Redpoll laughed harder than ever. "Yes," said he, "it is. I am afraid you would be a very old and very gray Rabbit by the time you got there. I guess the next thing is for you to make the acquaintance of some of us who get down here once in awhile."
Redpoll called softly and almost at once was joined by another red-capped bird but without the pink breast, and with sides more heavily streaked. "This is Mrs. Redpoll," announced her lively little mate. Then he turned to her and added, "I've just been telling Peter Rabbit that as long as he cannot visit our beautiful Far North he must become acquainted with those of us who come down here in the winter. I'm sure he'll find us very friendly folks."
"I'm sure I shall," said Peter. "If you please, do you live altogether on these weed seeds?"
Redpoll laughed his usual happy laugh. "Hardly, Peter," replied he. "We like the seeds of the  birches and the alders, and we eat the seeds of the evergreen trees when we get them. Sometimes we find them in cones Snipper the Crossbill has opened but hasn't picked all the seeds out of. Sometimes he drops some for us. Oh, we always manage to get plenty to eat. There are some of our relatives over there and we must join them. We'll see you again, Peter."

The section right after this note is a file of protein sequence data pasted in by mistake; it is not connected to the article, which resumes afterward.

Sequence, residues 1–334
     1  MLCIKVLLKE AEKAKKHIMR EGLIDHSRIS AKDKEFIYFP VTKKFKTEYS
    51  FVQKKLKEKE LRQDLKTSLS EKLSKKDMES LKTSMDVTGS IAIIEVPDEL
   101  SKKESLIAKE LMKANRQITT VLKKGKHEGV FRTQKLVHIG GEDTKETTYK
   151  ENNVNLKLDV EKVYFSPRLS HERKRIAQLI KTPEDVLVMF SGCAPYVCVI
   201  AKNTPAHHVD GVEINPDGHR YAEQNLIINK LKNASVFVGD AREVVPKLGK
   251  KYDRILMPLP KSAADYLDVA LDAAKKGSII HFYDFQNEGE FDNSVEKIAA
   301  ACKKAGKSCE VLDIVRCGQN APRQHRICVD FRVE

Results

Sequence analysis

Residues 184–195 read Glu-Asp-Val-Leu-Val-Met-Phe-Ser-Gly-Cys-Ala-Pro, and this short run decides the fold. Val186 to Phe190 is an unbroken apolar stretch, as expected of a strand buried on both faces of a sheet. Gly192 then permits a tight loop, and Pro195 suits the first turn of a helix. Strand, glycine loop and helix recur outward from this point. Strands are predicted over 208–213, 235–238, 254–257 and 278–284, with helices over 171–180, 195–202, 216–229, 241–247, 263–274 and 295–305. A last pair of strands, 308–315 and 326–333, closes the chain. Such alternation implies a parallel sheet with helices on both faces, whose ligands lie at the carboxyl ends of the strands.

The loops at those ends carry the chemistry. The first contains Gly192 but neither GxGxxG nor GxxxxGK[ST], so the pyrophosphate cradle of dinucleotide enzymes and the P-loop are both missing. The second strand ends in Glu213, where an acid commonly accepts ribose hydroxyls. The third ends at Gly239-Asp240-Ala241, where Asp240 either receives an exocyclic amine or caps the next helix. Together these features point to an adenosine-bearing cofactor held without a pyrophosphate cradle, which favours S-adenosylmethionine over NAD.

Peter said he hoped they would and then watched them fly over to join their friends. Suddenly, as if a signal had been given, all spread their wings at the same instant and flew up in a birch-tree not far away. All seemed to take wing at precisely the same instant. Up in the birch-tree they sat for a minute or so and then, just as if another signal had been given, all began to pick out the tiny seeds from the birch tassels. No one bird seemed to be first. It was quite like a drill, or as if each had thought of the same thing at the same instant. Peter chuckled over it all the way home. And somehow he felt better for having made the acquaintance of the Redpolls. It was the feeling that everybody so fortunate as to meet them on a gold winter's day is sure to have.